Louisiana’s Taxes: Problems, Solutions and the Controversy of Reform, identifies a number of options. But tax changes, especially those that might reduce rates or eliminate a type of tax, will be far less likely so long as the state faces these regular annual fiscal crunches and allows the situation to grow worse by adding new expenses and obligations while neglecting rising costs. Health care Before the session, PAR made a detailed argument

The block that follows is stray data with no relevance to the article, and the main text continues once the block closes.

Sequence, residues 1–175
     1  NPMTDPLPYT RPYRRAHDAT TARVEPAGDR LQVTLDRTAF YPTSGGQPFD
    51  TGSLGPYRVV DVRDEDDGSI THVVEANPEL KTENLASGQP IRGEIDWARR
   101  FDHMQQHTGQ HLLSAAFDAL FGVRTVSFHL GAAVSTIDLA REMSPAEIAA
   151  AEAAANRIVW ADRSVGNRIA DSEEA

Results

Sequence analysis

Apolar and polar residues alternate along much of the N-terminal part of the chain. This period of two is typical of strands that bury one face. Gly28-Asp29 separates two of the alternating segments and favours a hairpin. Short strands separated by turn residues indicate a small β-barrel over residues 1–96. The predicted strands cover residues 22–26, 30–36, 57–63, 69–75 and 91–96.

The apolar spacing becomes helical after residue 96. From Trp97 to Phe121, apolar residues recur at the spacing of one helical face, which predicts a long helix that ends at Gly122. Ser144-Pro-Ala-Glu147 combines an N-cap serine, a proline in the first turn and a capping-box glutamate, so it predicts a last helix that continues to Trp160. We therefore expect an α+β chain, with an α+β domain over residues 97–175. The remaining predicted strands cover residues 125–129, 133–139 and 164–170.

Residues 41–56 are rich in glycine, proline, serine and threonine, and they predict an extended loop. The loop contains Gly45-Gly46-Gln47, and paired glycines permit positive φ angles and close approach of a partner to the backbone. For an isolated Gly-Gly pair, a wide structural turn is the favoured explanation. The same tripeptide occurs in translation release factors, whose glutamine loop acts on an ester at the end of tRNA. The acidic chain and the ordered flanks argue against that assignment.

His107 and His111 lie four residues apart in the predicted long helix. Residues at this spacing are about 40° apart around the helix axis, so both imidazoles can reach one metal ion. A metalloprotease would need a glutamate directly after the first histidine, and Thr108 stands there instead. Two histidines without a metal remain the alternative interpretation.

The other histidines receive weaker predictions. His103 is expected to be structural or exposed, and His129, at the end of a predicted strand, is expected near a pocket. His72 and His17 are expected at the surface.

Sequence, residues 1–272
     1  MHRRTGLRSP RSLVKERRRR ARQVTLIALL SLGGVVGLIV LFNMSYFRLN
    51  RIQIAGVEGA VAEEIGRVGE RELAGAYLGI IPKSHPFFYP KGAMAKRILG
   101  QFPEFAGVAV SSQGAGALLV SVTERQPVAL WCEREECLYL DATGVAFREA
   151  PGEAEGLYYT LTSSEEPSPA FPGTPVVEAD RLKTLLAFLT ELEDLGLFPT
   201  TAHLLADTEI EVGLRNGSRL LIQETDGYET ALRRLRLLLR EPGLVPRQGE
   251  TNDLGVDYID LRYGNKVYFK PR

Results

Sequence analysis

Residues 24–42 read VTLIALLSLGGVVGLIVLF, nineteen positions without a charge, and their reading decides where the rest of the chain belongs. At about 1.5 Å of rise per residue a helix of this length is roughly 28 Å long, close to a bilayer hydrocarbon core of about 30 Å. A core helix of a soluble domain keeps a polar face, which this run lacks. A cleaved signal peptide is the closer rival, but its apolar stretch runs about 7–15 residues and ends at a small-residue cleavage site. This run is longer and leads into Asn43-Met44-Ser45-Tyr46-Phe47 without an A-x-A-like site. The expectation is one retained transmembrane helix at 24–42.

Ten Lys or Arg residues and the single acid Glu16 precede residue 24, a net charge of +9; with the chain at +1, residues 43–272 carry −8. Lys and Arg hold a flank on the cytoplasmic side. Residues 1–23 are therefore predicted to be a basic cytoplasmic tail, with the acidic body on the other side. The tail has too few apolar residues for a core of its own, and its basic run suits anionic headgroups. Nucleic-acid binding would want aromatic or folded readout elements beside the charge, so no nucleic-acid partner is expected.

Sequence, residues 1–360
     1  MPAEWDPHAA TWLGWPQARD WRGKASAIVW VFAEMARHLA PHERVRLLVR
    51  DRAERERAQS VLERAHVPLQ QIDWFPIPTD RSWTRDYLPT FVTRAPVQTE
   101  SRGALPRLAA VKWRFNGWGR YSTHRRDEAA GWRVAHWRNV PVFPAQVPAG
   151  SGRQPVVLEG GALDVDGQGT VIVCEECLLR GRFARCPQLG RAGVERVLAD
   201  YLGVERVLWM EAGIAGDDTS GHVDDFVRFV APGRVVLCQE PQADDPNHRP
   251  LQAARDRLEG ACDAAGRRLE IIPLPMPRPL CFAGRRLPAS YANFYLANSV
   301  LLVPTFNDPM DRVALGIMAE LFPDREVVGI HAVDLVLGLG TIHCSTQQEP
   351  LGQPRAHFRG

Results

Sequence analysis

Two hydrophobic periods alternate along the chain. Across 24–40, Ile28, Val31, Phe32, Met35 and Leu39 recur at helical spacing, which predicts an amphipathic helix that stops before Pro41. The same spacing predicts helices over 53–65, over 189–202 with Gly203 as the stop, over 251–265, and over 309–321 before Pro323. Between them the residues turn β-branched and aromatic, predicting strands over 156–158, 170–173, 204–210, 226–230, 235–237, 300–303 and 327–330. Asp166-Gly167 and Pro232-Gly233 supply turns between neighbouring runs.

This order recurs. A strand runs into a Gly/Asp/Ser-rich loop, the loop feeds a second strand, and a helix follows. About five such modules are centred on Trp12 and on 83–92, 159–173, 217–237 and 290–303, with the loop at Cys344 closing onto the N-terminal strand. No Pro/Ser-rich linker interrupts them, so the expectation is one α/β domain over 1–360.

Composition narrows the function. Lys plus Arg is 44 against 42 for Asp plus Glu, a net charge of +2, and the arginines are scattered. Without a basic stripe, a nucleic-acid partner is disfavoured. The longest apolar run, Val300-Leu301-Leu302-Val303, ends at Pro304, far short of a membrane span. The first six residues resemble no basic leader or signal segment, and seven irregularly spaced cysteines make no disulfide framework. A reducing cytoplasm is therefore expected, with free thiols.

calling on the administration to update its analysis of potential costs and savings if the state were to expand Medicaid eligibility to low-income adults under the federal Affordable Care Act. The administration’s prior analysis was several years old, lacked newly available information and did not take into account potential savings. Soon thereafter, the administration responded by releasing a new analysis taking these factors into consideration. The new analysis – and